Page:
The asking price of almost two-in-five properties for sale in Britain has been reduced by an average of more than £26,000, new research has found.
Sellers have cut the price of 37.9 per cent of homes, up from 32.4 per cent in April, property website Zoopla said, in the latest sign that the UK market may be slowing down.
In the capital, 39.5 per cent of property listings have been reduced in price – up from 34.6 per cent in April. Mitcham, in southwest London, has seen 45 per cent of asking prices reduced – the most of any London borough. Kensington and Chelsea, home to some of the world’s most expensive residential property, registered the biggest drop in cash terms with an average discount of £127,394.
Brighton had the highest proportion of list prices reduced (46 per cent), while Glasgow and Manchester were at the other end of the list with 19 per cent and 26 per cent respectively.
Bradford, Newcastle upon Tyne and London are among the areas with the biggest percentages slashed off the original asking price, the research found. Across Britain, sellers have discounted properties by £26,131 on average.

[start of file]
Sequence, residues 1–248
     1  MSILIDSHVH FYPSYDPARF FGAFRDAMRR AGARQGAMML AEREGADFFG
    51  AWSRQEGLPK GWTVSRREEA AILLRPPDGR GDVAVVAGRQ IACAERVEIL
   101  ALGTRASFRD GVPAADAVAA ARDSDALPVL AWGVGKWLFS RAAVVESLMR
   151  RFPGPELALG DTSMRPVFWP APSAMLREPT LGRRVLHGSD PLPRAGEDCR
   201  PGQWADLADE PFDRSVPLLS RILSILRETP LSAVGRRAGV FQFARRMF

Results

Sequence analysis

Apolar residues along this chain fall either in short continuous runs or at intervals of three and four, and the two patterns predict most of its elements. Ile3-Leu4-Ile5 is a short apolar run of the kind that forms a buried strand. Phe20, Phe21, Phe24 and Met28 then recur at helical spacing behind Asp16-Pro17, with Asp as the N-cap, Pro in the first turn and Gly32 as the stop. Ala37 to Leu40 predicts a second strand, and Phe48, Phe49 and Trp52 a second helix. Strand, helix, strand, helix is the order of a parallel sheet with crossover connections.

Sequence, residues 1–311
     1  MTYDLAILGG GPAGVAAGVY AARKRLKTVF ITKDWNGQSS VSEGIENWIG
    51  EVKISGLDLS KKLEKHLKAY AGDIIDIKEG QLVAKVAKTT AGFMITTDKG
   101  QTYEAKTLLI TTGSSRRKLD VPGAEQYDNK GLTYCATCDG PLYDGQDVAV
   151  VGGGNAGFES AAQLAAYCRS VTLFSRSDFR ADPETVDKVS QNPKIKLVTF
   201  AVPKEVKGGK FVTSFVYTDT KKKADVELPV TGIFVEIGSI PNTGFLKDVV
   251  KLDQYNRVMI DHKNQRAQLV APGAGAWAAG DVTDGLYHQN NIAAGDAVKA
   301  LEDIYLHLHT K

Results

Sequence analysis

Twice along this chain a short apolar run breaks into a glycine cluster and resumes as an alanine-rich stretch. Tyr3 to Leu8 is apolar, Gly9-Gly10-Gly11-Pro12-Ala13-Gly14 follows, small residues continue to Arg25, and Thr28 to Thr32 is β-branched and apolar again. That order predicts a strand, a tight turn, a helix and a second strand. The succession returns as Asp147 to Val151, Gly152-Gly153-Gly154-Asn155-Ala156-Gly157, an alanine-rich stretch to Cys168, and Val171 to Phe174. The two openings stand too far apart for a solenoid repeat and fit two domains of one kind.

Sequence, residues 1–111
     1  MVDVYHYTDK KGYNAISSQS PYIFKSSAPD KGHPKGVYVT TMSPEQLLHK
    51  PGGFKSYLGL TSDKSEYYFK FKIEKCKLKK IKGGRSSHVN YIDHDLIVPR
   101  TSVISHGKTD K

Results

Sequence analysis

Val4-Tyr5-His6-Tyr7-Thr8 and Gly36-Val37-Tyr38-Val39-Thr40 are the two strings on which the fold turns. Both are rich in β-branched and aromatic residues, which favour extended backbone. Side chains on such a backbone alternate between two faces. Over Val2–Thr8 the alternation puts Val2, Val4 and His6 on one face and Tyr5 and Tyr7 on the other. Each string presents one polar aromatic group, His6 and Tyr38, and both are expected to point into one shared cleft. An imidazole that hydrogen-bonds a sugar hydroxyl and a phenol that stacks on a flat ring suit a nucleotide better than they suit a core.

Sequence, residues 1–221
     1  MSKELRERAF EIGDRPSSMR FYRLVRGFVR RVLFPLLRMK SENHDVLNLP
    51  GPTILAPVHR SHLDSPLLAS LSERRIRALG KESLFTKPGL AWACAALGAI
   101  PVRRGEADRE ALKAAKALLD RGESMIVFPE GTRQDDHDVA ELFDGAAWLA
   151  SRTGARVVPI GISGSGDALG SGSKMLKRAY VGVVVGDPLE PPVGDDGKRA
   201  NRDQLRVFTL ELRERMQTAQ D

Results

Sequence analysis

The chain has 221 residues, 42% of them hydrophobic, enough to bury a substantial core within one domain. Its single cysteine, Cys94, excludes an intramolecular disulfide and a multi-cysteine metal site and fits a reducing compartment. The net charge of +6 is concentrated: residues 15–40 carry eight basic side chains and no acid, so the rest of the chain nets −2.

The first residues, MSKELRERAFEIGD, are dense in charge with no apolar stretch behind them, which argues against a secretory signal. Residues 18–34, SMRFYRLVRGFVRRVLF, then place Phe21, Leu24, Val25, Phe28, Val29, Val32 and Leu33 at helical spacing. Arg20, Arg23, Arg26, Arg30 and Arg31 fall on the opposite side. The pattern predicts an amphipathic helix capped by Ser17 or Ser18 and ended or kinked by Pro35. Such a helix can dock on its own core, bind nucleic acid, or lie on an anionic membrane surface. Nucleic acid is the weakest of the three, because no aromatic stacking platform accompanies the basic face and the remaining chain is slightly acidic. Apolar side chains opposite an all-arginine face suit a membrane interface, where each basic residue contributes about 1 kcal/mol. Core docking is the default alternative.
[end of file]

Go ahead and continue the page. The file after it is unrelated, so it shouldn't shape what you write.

Zoopla spokesman Lawrence Hall said the findings “should be welcome news for prospective first-time buyers looking to get a foot on the property ladder”.
He continued: “With further market uncertainty ahead, it will be interesting to see whether these reduction figures rise in the coming months.”
The research is the latest sign of a decline in the UK housing market, particularly in London and the pricier parts of the southeast of England.
House price growth in England and Wales slowed to a six-and-a-half-year low in September with prices dropping in most of the southeast, according to the latest figures from Your Move.
The average price rose 0.9 per cent to £302,626 year-on-year, down from an annual increase of 4.5 per cent recorded in September last year.
The number of transactions dropped 16 per cent on a monthly basis, with an estimated 72,500 sales made in September.
The UK is still suffering from a housing shortage as building lags behind Britain’s growing population, but demand has been held back because many first-time buyers remain stretched while buy-to-let investing has become less profitable thanks to tax changes since 2016.
Top 10 areas with the highest proportion of homes on the market that have had the original asking price reduced (Zoopla):
1. Brighton, 46.6%
2. Woking, 46%
3. Mitcham, 45.92%
4. Slough, 45.84%
5. Sutton, 45.37%
6. Reading, 44.62%
7. Basingstoke, 43.79%
8. Harrow, 43.34%
9. Twickenham, 43.30%
10. Croydon, 43.08%
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